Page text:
Class A Airspace
Class A airspace generally begins from 18,000 feet mean sea level up to and including 60,000 feet. Operations in Class A are generally conducted under Instrument Flight Rules and primarily used by higher performance aircraft, airline and cargo operators, etc.
Class B Airspace
Class B airspace utilizes the space surrounding the nation’s busiest airports and begins from the surface to 10,000 feet MSL. Class B is made up of several layers of varying sizes and shapes, is individually tailored for the needs of the airspace, and often resembles an upside-down wedding cake, with the airspace widening as altitude is increased. All aircraft are required to obtain a clearance from Air Traffic Control (ATC) and follow their guidance to operate within or through Class B airspace.
Class C Airspace
Class C surrounds busy airports that are not quite as busy as Class B airports. It is also made up of layers tailored to the needs of the airspace but is not as elaborate as Class B. In Class C you will generally find a 5 nautical mile inner ring from the surface to 4,000 feet, and a 10 nautical mile outer ring from 1,200 to 4,000 feet above the airport elevation. An aircraft does not need specific clearance into the Charlie airspace, but two-way radio communications with the ATC facility and their provision of air traffic services must be obtained prior to entering, and maintained while inside the airspace.
Class D Airspace
Moving on to lesser and lesser restricted airspace, the Class D airspace exists around airports that still have an operating control tower but are not as busy as the Class C airports. Generally beginning from the surface to 2,500 feet above airport elevation, the shape of Class D airspace is individually tailored but exists as just one layer, rather than having varying shapes stacked on top of each other. Two-way communication must be made and maintained prior to entering and while operating within the Class D airspace.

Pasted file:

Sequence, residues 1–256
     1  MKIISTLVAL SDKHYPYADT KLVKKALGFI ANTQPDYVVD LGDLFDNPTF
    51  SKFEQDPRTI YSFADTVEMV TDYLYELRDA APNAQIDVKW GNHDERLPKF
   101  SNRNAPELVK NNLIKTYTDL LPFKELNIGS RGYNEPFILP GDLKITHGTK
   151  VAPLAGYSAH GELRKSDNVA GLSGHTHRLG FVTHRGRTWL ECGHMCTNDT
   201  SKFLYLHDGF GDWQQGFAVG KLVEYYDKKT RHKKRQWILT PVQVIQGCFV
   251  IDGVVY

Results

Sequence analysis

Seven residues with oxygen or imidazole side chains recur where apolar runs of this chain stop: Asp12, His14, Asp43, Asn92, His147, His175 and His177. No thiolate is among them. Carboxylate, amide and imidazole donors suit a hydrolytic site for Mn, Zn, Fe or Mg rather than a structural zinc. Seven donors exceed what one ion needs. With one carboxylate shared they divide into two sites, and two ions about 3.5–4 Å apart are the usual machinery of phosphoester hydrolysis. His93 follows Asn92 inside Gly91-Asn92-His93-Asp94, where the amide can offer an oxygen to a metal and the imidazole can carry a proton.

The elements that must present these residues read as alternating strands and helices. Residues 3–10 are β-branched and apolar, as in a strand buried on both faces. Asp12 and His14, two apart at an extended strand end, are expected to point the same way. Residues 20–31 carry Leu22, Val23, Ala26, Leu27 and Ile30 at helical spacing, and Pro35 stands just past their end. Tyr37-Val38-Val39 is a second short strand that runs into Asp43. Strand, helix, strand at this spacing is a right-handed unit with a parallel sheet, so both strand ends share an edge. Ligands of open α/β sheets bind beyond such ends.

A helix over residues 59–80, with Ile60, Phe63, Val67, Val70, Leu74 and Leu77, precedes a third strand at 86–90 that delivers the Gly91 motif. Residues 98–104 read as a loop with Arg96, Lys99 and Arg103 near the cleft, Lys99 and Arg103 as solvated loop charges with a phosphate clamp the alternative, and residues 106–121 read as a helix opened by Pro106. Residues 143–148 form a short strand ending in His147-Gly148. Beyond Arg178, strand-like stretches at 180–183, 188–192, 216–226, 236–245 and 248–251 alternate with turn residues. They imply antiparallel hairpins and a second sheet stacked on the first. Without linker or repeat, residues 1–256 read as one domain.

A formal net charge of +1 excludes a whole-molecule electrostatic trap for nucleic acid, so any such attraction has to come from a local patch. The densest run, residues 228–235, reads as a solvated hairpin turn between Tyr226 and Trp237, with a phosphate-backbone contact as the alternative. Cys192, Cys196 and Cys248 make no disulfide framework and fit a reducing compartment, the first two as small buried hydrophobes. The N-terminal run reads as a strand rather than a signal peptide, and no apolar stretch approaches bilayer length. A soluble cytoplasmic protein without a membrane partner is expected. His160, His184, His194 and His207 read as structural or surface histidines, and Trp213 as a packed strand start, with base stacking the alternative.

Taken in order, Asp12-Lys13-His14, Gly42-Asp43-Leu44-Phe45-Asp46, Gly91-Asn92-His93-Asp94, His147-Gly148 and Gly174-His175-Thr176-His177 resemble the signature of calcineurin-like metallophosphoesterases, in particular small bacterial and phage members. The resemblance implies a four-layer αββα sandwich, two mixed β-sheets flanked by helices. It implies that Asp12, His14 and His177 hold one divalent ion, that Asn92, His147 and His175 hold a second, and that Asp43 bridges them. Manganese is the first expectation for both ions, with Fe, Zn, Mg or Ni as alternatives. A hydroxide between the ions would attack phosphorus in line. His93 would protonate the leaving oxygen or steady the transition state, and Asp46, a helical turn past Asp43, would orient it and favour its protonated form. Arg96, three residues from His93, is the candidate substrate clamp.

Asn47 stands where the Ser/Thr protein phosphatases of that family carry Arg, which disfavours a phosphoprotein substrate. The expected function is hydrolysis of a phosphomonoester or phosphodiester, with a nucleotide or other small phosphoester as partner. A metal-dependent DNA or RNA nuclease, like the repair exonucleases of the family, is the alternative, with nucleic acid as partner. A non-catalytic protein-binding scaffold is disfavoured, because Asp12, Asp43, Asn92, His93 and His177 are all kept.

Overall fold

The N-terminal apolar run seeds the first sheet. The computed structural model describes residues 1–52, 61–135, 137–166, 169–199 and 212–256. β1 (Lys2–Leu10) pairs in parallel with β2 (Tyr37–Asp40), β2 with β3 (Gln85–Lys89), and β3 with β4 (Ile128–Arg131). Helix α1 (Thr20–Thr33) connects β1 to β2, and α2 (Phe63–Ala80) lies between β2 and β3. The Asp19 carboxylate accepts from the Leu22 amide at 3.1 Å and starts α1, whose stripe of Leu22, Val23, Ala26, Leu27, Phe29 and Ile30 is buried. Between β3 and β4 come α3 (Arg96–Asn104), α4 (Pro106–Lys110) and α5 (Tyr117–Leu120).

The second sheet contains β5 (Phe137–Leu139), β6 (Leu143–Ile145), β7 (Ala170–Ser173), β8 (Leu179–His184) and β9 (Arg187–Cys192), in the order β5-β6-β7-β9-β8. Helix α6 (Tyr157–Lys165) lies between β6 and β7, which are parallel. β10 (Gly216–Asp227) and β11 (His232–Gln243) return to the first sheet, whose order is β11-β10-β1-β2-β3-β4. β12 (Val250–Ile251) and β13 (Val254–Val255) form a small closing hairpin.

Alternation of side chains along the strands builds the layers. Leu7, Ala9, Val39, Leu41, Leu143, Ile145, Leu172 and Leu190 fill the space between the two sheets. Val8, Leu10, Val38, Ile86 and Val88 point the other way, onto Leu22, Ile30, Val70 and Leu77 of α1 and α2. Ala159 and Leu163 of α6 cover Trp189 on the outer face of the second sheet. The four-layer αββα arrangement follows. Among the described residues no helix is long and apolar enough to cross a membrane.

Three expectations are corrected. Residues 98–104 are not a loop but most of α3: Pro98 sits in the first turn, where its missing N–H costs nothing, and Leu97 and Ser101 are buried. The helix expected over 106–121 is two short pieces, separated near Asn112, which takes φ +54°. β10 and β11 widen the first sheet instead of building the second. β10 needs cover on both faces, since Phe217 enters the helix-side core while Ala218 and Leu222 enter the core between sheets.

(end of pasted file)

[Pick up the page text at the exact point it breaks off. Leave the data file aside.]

Class E Airspace
Class E airspace is any controlled airspace not classified as the aforementioned airspaces surrounding airports. Most of the airspace in the United States is designated Class E airspace. The level of control within Class E airspace is meant for air traffic operating on Instrument Flight Rules, while aircraft flying under Visual Flight Rules usually have the freedom to move throughout the airspace as they wish. Where Class E begins and ends can be complex, but in most areas, Class E airspace begins at 1,200, while others may have Class E beginning at the surface or at 700 above ground level (AGL). The airspace extends up to but not including 18,000 feet MSL, and also excluding any other overlying airspace. Class E begins again above 60,000 feet. There are areas where the base of Class E is depicted on the sectional as starting at different altitudes than standard, such as offshore surrounding the contiguous United States.
Class G Airspace
Uncontrolled airspace is known as Class Golf (G), and is the portion of airspace not designated as any of the previous airspaces. Class G extends from the surface to the base of the overlying Class E airspace. Pilots can operate as they choose, barring any regulatory requirements restricting their movement, such as low altitude aerobatics or conducting activities that may pose a hazard to people or objects on the ground. Most of the airports in the United States are uncontrolled, meaning they have no control tower and pilots must coordinate their own airport operations by utilizing onboard radio if equipped.
Reference FAA Pilots Handbook of Aeronautical Knowledge Chapter 15 for additional information.
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